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Week in Review: Theater chains reduce release window before VOD

Week in Review: Theater chains reduce release window before VOD

The acclaim for jump scares is born

Every year the movies seem to be dying. The writing is on the wall with attendance numbers and box office receipts and the Golden Age of TV. Will people still go to the movies if they can now watch high quality, HD programming from their own home?

Theater chains themselves have been reluctant to give in to Netflix and VOD, but at the risk of being made obsolete entirely, two chains are doing an experiment suggesting they may be willing to play ball. THR reported this week that Paramount, AMC Theaters, and Cineplex have struck a deal regarding two of their upcoming films, the new Paranormal Activity movie, and Scout’s Guide to the Zombie Apocalypse, both October releases. Traditionally, movies are not available on VOD or digital release until three to four months after their initial run in theaters is over, which can be anywhere from a month to six weeks for genre movies. Now these two films will become available at the slightly earlier time of six weeks.

“Exhibition for the first time was open-minded about evolving our business instead of sticking their heads in the sand and ignoring what is happening around us,” Paramount vice chair Rob Moore told The Hollywood Reporter. “This is all about changing the definition of theatrical windows. Instead of starting the countdown from when a movie opens, we are starting from when it ends.”

It doesn’t seem like a major change just yet, but it could open the door to more titles having their release schedules tweaked, as well as more collaboration between studios and theaters.

One Minion toy wasn’t as cute and adorable as the latest film would like you to believe. A disgruntled parent found a Minion toy at a McDonald’s and thought the squishy yellow pill creature’s garbled gibberish sounded an awful lot like the phrase “What the F—?” You be the judge, and check out Mashable for the slow-motion version.

Here at Sound on Sight, we’re still mourning the loss of The Dissolve, my personal favorite film website to read and home to some of the best film critics on the web. On Wednesday, the film website “dissolved” just before its two-year anniversary. Editors Keith Phipps and Scott Tobias spoke to Criticwire’s and Dissolve contributor Sam Adams about what happened, and given their current situation, they were none too positive about the state of film criticism moving into the future:

Scott Tobias: To succeed financially in digital publishing, you need to attract an enormous readership, and it helps to have a wide range of culture coverage that appeals to the largest possible audience. But it’s a lamentable situation, because there’s no incentive to cover art that’s outside the mainstream. At The Dissolve, we would regularly publish features, reviews, and interviews that we knew few people would read, and we now have the metrics to know EXACTLY how few would read it. But we wanted to make sure that the films and the filmmakers we cared about would get the attention they deserved, and we trusted that we’d balance those losses with features that we knew would hit hard. To me, that’s good publishing. I feel like this need to have all hits all the time leaves too much great stuff in the dark. I don’t want a bunch of sites that have film coverage, but don’t bother with Cinema Guild or Oscilloscope or Drafthouse Films because they’re generalists rather than experts. We wanted our site to encourage cinephilia and encourage people to come along with us and take chances on seeing things they might not have seen (or been aware of) otherwise. I hate to think of a publishing world where the biggest movies of the day suck up all the oxygen…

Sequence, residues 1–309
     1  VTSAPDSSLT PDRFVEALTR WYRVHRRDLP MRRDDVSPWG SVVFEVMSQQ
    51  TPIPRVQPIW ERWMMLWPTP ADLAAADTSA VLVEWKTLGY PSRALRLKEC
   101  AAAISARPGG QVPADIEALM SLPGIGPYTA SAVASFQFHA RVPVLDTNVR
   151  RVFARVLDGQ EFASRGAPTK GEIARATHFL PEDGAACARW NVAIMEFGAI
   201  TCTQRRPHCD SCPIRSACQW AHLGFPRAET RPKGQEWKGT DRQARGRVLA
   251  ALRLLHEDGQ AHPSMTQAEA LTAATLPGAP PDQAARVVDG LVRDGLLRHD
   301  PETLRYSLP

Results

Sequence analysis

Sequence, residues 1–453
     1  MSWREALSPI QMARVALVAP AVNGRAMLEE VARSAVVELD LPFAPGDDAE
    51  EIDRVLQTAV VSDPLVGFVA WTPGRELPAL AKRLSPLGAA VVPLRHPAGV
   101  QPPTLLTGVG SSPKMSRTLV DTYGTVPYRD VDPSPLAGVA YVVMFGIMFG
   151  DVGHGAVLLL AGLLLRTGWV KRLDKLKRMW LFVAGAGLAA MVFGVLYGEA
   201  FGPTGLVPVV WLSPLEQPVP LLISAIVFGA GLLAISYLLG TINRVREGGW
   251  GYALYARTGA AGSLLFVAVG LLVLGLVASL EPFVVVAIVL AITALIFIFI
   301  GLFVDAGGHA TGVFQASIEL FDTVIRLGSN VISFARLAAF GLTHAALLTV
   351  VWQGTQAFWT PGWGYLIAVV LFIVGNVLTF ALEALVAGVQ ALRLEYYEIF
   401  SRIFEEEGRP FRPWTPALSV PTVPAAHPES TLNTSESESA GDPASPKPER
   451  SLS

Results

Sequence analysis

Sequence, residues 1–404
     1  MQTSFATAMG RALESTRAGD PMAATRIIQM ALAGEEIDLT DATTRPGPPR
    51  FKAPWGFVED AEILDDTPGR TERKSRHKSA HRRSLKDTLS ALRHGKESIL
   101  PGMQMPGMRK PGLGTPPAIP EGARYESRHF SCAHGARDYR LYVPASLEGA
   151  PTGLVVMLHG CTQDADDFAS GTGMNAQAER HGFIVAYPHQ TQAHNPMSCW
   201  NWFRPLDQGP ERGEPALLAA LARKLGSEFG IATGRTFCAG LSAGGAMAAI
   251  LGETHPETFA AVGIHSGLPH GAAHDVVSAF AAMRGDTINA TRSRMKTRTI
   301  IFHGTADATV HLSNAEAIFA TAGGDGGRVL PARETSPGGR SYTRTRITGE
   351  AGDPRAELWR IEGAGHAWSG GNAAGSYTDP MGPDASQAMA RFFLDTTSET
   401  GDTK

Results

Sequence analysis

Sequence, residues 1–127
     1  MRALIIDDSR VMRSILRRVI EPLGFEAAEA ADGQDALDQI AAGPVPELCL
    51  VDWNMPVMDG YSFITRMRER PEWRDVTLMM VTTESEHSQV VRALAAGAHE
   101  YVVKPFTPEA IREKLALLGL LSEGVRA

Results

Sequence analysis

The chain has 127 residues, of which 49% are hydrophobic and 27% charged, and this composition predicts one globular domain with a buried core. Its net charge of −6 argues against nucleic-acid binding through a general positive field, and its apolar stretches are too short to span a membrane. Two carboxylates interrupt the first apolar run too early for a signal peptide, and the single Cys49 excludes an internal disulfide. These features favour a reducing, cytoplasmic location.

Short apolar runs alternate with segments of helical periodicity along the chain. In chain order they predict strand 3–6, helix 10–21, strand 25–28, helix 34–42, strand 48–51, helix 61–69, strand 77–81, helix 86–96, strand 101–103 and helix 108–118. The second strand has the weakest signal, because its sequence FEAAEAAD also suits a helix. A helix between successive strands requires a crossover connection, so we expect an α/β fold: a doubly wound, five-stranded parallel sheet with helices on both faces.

Keith Phipps: I don’t know if there will soon be more than a handful of people who will be able to write about film as a full-time job, myself included. And that wasn’t even true of The Dissolve, for the most part. Most everyone there wore multiple hats, writing, editing, working on the CMS, recording the podcast. But, to get back to your original question, the economics of journalism in general and criticism in particular and film criticism especially don’t look great right now. When I was a kid, I just wanted to grow up to be Terry Lawson, film critic for my hometown paper, The Dayton Daily News. Here was a guy whose job was to go to movies and write about them in a clear, intelligent way for a general readership — and every town had a Terry Lawson (though few were as good as him). Those jobs don’t exist anymore, and the Internet hasn’t really created their equivalent, with a few great exceptions like Dana Stevens at Slate aside. There are plenty of terrific writers out there writing about film — we tried to feature as many of them as we could! — but a lot of them aren’t doing it full-time. And I worry that they’ll leave it when necessity demands it. Right now, I worry that necessity is demanding I leave it.

In casting news, J.K. Simmons is again teaming up with his Whiplash director Damien Chazelle for his next film, La La Land, which also stars Ryan Gosling and Emma Stone. Marisa Tomei is being approached to play Aunt May in the new standalone Spider-Man film starring Tom Holland. The seventh member of The Magnificent Seven remake is David KallawayMichael Kenneth Williams has joined the video game adaptation Assassin’s Creed. And Williams is also among the cast for Paul Feig’s Ghostbusters, which has additionally added SNL‘s Cecily Strong, Veep’s Matt Walsh, Andy Garcia, and SNL writer Neil Casey.

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